10 Aug Laura: Travel has its challenges and perks
South central Montana—Moving days are stressful and the responsibility great. There are just so many wheels on the ground (142 on this day, to be exact), many miles, large equipment, potential obstacles to navigate and, most importantly, safety. We want our teams and equipment to arrive at their destinations in one piece, but are also concerned for the well being for those traveling around us.
As stressful as it is, there is also excitement around move day. The noises and the smells just add to it. There’s the low rumble of the engines, the smell of diesel in the air, chatter as last minute plans are made, and the crunch of gravel under boots as walk-arounds are completed and ratchet straps are checked once more. Those that have lived it can relate to what I’m talking about.
Next comes the “parade” as the children sometimes call it. We position ourselves just a little ahead of the convoy to watch them pass and get a few pictures and video. If we’re lucky, the drivers will give us a big wave and may even lay on the air horns as they pass. I would be lying if I said I didn’t feel a sense of pride as I watch the crew go by. These team members have left their homes, families and friends behind, in a year of extra potential risk and uncertainty, to be involved in this great adventure of travel and harvest that feeds the world, which is especially important in these unprecedented times. They are so important, not only to our team, but society!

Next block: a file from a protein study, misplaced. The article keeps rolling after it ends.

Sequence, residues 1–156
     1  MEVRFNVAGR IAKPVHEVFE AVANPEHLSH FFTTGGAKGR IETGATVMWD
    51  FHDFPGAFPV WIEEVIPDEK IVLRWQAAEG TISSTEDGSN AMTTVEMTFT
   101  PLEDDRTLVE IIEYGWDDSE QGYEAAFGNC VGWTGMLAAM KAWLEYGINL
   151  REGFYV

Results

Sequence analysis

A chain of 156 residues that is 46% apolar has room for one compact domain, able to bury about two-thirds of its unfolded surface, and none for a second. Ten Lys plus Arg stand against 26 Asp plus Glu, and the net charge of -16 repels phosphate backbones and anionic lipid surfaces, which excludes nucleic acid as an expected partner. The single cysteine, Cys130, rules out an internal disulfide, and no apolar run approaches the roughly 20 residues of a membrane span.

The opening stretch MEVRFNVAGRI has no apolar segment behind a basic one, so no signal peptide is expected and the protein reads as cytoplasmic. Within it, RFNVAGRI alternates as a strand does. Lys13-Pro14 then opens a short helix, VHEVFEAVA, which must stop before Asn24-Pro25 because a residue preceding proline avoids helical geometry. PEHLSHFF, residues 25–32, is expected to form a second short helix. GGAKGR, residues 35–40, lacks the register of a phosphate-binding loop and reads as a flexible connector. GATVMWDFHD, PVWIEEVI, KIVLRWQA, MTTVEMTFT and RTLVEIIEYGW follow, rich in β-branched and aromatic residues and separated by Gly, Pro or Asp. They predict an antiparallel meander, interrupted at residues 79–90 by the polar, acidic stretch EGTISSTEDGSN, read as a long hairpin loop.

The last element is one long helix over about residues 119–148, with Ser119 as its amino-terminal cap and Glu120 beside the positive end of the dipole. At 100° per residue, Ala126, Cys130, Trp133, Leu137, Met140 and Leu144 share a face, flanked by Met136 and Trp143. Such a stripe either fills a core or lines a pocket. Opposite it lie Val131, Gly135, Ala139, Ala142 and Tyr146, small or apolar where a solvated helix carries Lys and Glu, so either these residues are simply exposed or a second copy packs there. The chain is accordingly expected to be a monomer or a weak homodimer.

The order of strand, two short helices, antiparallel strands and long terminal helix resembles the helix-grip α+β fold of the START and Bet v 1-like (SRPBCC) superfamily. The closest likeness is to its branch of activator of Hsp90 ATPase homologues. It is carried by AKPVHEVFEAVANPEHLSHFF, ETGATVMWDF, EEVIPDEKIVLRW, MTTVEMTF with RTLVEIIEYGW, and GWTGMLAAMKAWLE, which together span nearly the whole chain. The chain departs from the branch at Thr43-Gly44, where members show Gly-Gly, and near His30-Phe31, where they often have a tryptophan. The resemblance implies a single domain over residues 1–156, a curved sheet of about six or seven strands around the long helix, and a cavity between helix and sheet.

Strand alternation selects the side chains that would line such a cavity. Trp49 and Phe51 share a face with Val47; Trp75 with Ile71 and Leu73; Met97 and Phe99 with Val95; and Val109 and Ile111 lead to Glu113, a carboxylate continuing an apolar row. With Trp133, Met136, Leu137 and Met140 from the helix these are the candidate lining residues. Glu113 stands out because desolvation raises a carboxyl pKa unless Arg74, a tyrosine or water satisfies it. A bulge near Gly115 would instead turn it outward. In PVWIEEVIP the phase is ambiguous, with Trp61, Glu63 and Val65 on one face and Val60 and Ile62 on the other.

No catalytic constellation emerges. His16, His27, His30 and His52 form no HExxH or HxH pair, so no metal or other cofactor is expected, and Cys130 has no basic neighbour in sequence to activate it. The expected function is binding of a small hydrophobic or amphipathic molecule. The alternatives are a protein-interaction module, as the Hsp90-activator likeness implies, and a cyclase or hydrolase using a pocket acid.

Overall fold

It can be difficult to make the entire trip to our first Montana stop in one day due to wide load restrictions, trucks moving a little slower pulling big loads, etc. An overnight stop is not exactly a glamorous stay at the Ritz but part of the adventure nonetheless. Dry camping in the truck stop involves crew members, including our family, overnighting at the truck stop. In other words, some guys stay in the sleepers of their trucks or crawl into campers. Slides stay in place and windows are opened to create a breeze. The hum of trucks is almost like a lullaby, if you think imaginatively that is. Morning comes all too soon and its time to finish the trek.
Members of the crew had already made several trips to our north stops with little issue. We’ve been really fortunate this season. However, with so many wheels on the ground, heavy loads, and heat, things can and will eventually go wrong. One just hopes it can be managed safely when they do. This time the issue was a blown turbo on a truck. Since we were making great time and having a good trip it would have been easy to get bent out of shape. However, no one was hurt, we were fortunate to only be a few miles outside of town, and best of all, they had a wide area to pull over on. If we had to experience an unexpected issue, it seriously couldn’t have happened in a better place and we counted our blessings.
Even with the stress that move days can bring, the changing scenery can keep things interesting and offer a way to decompress. The children and I were able to peel away from the caravan the first part of the first day and take in a few extra sights. Some of our favorite places have been a little more restrictive this summer for obvious reasons. However, that has opened the door to other, equally cool, fresh air options and we made the best use of our miles north. You can see a few highlights below.
All Aboard Wheat Harvest is sponsored by Unverferth Manufacturing Co., Inc., Oklahoma Baptist Homes for Children, Agri-Pro, Gleaner, BASF, and High Plains Journal. Laura can be reached at firstname.lastname@example.org.